I know I’m not alone in my feelings because they’re echoed in an article called “There’s No Pamphlet for the Kind of Sex I Have: HIV-Related Risk Factors and Protective Behaviors Among Transgender Men Who Have Sex with Non-Transgender Men”:

“All of the participants reflected on the sense of validation that having sex with a non-trans man could provide. Many suggested that this was particularly powerful for trans men in their early years of transition and that being sexual with a gay non-trans man could feel like the “ultimate affirmation” of one’s manhood. This led many participants to ponder the risks that they, and other trans men, were willing to take to receive this sense of affirmation.”

The risk-taking doesn’t resonate with me because I’m not willing to have unsafe sex (or even have safe sex with people I’m not attracted to), but many of the participants’ quotes are spot-on. It’s a very good read and it’s gotten me interested in sexual health among queer trans men (possibly something to work on this year?).

I wish us all a great 2013, with love, strength and energy to tackle our dreams.

2 Comments leave one →
  1. January 3, 2013 6:54 pm

    Awesome to hear things are going well for you- I wish you the best of luck with H.

  2. May 1, 2014 1:58 pm

    I identify with everything you wrote here. Especially about touch – the way gay men touch either other is just different than the way most queer women do – rougher and even clumsier. I remember liking it and feeling like it matched my sexuality better. Just before I transitioned, I hooked-up with a couple butch women, and was very disappointed to find that they wanted to kiss and touch more softly and work their way up to sex more gradually than what I wanted. It felt wrong to me – I was attracted to them because of their masculinity, and I wanted to be gay with them, but while making out, it became very clear that they identified as WOMEN and wanted to have LESBIAN sex, and I did not. This is part of what convinced me that I wanted to transition, especially after hooking up with a cis gay guy and experiencing a very different form of touch.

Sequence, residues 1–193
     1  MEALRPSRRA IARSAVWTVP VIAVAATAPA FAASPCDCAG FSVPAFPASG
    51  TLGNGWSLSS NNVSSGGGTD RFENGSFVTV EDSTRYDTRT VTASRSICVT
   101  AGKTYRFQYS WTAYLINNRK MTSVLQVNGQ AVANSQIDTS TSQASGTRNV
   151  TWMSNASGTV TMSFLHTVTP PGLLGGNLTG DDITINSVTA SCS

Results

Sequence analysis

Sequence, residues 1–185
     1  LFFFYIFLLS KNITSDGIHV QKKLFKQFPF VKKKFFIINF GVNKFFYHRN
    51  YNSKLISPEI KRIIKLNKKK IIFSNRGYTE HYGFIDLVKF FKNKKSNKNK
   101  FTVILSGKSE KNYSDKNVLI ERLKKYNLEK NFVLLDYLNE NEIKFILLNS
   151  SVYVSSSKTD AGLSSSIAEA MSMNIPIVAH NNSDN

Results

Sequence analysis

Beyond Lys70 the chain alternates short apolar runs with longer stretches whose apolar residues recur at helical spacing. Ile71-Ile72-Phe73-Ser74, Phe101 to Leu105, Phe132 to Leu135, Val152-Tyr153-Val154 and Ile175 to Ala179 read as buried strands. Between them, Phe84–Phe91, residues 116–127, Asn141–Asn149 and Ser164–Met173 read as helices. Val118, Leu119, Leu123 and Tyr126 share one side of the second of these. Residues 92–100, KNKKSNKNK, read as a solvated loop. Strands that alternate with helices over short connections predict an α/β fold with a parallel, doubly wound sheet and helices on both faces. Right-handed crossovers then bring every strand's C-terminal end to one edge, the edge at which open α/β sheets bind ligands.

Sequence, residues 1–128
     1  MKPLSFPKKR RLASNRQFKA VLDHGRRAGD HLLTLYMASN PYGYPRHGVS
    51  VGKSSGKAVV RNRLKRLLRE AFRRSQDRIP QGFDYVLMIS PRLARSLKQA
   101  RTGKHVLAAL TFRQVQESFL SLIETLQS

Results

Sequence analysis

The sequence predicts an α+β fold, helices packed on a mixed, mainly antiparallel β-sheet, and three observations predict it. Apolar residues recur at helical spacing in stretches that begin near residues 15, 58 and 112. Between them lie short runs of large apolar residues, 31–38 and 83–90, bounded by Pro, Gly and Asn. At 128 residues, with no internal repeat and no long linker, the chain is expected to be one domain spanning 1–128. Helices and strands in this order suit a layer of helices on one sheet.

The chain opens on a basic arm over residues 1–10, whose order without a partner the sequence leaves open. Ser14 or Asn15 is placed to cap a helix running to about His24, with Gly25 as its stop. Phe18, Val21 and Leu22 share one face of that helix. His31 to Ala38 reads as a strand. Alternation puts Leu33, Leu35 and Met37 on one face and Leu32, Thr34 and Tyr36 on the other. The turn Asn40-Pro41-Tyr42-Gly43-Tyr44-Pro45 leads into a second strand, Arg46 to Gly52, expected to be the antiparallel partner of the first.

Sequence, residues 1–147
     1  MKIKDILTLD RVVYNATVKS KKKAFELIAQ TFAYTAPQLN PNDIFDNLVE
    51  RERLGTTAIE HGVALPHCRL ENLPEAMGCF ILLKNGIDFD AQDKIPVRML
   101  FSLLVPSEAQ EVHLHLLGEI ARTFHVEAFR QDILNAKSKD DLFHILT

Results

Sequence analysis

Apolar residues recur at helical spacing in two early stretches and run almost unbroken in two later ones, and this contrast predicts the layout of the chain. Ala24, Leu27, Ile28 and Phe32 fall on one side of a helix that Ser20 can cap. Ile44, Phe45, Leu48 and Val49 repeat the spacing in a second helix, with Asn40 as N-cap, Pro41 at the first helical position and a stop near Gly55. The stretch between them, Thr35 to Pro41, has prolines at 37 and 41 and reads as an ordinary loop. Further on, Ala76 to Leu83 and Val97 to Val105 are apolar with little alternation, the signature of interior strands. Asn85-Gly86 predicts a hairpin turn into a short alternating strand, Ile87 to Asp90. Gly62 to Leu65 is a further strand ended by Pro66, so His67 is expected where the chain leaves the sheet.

And yes, it IS incredibly affirming to find oneself desired and seen as by cis gay guys. I still have anxiety around this as well as a sense of pleasure and affirmation when it turns out well. It is exactly what you said, about experiencing being a gay man as a form of interrelationality rather than as a solitary identification. As someone on the faggier side of gay, I also enjoy being CULTURALLY gay with gay cis guys – having the gestures, modes of irony, turns of phrase, and cultural references, as well as the body, to experience fag interrelationality. And yes, there’s a thrill and a pleasure to being accepted without question into a group of fags. This is, of course, a form of privilege that non-passing trans men do not enjoy, and I try to be aware of that and to think about what it means to rely on oneself and one’s group of trusted friends for an affirmation that gay cis men do not give everybody.